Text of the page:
GCTC’s 2018-19 mainstage season on point with plays about race, gender, sexual harassment and ghosts

Tristan D. Lalla, Letitia Brookes in a scene from The Mountaintop. Photo: Andrée Lanthier

The Great Canadian Theatre Company’s 2018 -19 season is very much a continuation of a 44 year long tradition of presenting topical theatre. 

The new lineup was unveiled Saturday with six plays on the company’s main stage. These are productions that offer: a ghost story, an untold tale of the American civil rights movement involving Martin Luther King, a nod to the #MeToo movement, a look beneath veneer of life in Ottawa and a sequel to a play from the company’s 2016-17 season.

The Virgin Trial by Kate Hennig, the associate artistic director of the Shaw Festival, opens up the season. This is a crime drama about Elizabeth I, the Virgin Queen, and it continues Hennig’s interest in British queens. This is a sequel to the popular production, The Last Wife, about Catherine Parr, the woman who barely survived her marriage to Henry VIII. Sept. 11 to 30.

The Drowning Girls by Beth Graham, Charlie Tomlinson, and Daniela Vlaskalic, is a haunting, chilly and wet ghost story of three young women who were, in turn, murdered in their baths, in the early years of the 20th century, by the notorious serial killer named George Joseph Smith. It was first produced as a fringe festival piece and remounted in Alberta this past season as a main stage production. Oct. 23 to Nov. 30.

For the holiday season GCTC will host a comedy with a bit of an edge, by Mark Crawford called Bed and Breakfast. In this two-hander, a gay man inherits a home in a small Ontario town from his deceased aunt and, with his partner, decides to open a B&B. It’s not all whimsy however. Small towns don’t always welcome newcomers so warmly, as the pair find out. But they overcome. This production debuted, fittingly, at the Thousand Island Playhouse in Gananoque, Ontario a few seasons back and it was remounted by Centaur Theatre in Montreal in 2017. Dec. 4 to 22.

The second half of the season opens with The Mountaintop by the Memphis, Tenn. native Katori Hall which imagines Martin Luther King’s last night in a motel just after delivering his famous I Have Been To The Mountaintop speech. King confront his past and his present when a mysterious stranger visits him in his room. Jan. 22 to Feb. 10, 2019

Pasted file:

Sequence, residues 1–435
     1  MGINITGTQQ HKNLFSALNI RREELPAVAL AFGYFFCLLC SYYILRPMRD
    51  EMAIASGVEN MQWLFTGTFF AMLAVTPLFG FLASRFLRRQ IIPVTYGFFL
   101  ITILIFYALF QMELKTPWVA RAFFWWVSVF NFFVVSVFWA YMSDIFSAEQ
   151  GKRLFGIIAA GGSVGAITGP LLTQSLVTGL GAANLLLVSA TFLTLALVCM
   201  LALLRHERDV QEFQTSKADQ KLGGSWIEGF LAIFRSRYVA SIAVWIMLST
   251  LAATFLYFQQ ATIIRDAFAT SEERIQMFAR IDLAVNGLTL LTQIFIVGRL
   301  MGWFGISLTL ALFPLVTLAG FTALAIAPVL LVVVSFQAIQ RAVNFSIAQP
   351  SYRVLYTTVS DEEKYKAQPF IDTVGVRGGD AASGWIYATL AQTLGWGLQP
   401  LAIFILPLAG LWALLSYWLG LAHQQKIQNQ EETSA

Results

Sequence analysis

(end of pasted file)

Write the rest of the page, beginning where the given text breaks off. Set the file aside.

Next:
Next is the premiere of Behaviour by Ottawa writer, journalist and activist Darrah Teitel. Teitel knows of what she writes having worked as a legislative assistant for opposition critics for the Status of Women and Indigenous Affairs. Her play centres on the life of an Ottawa who has a good government job, a handsome partner, a new baby boy and the appearance of a perfect life on the surface. Underneath the happy picture is a story of sexual assault and political expediency. March 12 to 31, 2019.

The mainstage season closes with Rose Napoli’s Lo (Or Dear Mr. Wells) out of Nightwood Theatre. The play looks back at a sexual and intellectual relationship between a young under grad and her former English teacher with a backdrop of the #Timesup and #MeToo movements. April 30 to May 17, 2019.

“This season, we push again into territory that reflects the real issues in today’s headlines: gender equity, #MeToo, civil rights and even a bit of the old rural/urban divide. After five years at the artistic helm, I couldn’t be happier here,” said GCTC’s Artistic Director Eric Coates in a media release. 

The company has also launched a new website GCTC.ca. And they have announced that the next Shannon Reynolds Intern is Angela Schleihauf who is a musician (oboe), an emerging sound designer and a composer from Ottawa.

For more information check out GCTC.ca

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Peter Robb began his connection with the arts community in Ottawa in the mid-1980s when he was the administrator and public relations director of the Great Canadian Theatre Company. After a long career in journalism with the Ottawa Citizen where he served in a number of different posts he returned to the arts when he became the Citizen's arts editor.